18 June 2012
unschool monday :: when you are five
These days, according to the world outside our nest, five is the general age by which there are things you should be able to do. By now you should be learning to read and write. You should be able to sit still for a period of time. You should be able to answer questions and think logically. You should eat your lunch, stand up straight and learn to tie your shoe laces. You are deemed able and willing to leave the nest, at least for the biggest part of the day. For some children that last 'should' happens much sooner... As a parent, you should be encouraging all these things and find a way to place your trust in others to provide an education and the right kind of care for your child. But where I live, not all five year olds are the same...
In our nest five means playing all day and making friends and learning about the world you inhabit, just by inhabiting it. It means much the same as four and three meant, only you can do much more stuff now. It means wearing a paper tiara to afternoon tea and long days spent imagining and negotiating with friends. It means eating when you are hungry and sleeping when you are tired. It means learning to listen to your own body. It means knowing yourself and getting to the 'shoulds' when, and if, you are good and ready for them. For some children, this happens much earlier than five, for some it comes later. And that's ok.
Unschooling gives us the space to live removed from the word 'should'. Instead, we acknowledge where we are at and observe it and encourage growth. In an unschooled world, children of all different ages spend time together. The comparisons of where you 'should' be up to don't apply. At five, you are striving to catch up to the big kids and be like them, do what they do. And you will.
So, as parents, how do we know our child is doing ok? Is it even legal to just give them that kind of space? If they don't read now, will they ever? These are questions I'm always asked as an unschooling parent... Home education is legal in Australia. In Tasmania, we have a body called the Tasmanian Home Education Advisory Council (THEAC). They are made up of representatives from the education department, and home educators. They recognise Unschooling and Natural Learning as a legitimate form of education.
At the beginning of each period of registration (2 years for us), we write up an outline of our program. This is a little tricky, but generally we list all the things we hope to do and the resources we have available to us. Then later, we have a visit from a monitoring officer to chat about how things are going and make sure that we are monitoring and keeping track of our own child's development. They want to see that we are aware of the 'shoulds' and are working towards them in some way, although they understand that not everyone gets there at the same time. They let us be the best judge of what our own 'shoulds' are and whether we are meeting them.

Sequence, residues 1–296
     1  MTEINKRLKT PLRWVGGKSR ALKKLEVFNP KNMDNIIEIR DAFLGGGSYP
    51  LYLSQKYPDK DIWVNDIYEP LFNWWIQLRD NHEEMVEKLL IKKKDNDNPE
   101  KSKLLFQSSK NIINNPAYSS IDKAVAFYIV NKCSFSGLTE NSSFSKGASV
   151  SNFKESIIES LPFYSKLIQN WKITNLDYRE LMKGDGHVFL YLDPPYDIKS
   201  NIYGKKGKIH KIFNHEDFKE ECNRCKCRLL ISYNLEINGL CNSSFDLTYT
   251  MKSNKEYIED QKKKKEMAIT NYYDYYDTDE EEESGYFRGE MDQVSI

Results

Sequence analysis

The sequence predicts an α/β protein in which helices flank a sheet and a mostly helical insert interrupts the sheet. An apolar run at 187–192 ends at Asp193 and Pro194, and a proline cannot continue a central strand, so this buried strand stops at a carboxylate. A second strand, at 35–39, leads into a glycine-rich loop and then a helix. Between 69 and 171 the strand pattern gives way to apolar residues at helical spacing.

In other states in Australia this process is trickier, with Home Educators expected to stick to a particular curriculum, while in Victoria you just have to let them know you are home educating and everyone is happy... There are also a number of non-registered home educators out there and I expect that freedom and autonomy is behind the reasoning there. There may be a little extra creative license at play when preparing family reports for registration in some states. I'd like to hope that one day Unschooling will be accepted in all states as a legitimate method of learning and that parents will be trusted to keep tabs on where their child is at, without the help of NAPLAN tests and such like.
Personally, if an owlet is lagging behind in some area, they'll probably notice it first, or we will, when we see them amongst peers and we chat amongst friends. At that point, we can work to rectify it, or nurture said owlet in an encouraging setting until they get there under their own steam. There's time later on for life to get hard and for children to measure up, but right now, at five, it is time to be free to play and to dream and to learn about life just by living it.
Thanks for joining us again for Unschool Mondays. I'm loving re-connecting with such a wonderful community of peeps doing their own awesome things in their own way. As Helena's post last week pointed out, no two 'schools' are alike and that's what's so exciting about what we do. I'm excited to see more and learn more about what unschooling looks like at your nest. Please add your link if you'd like to join in. xx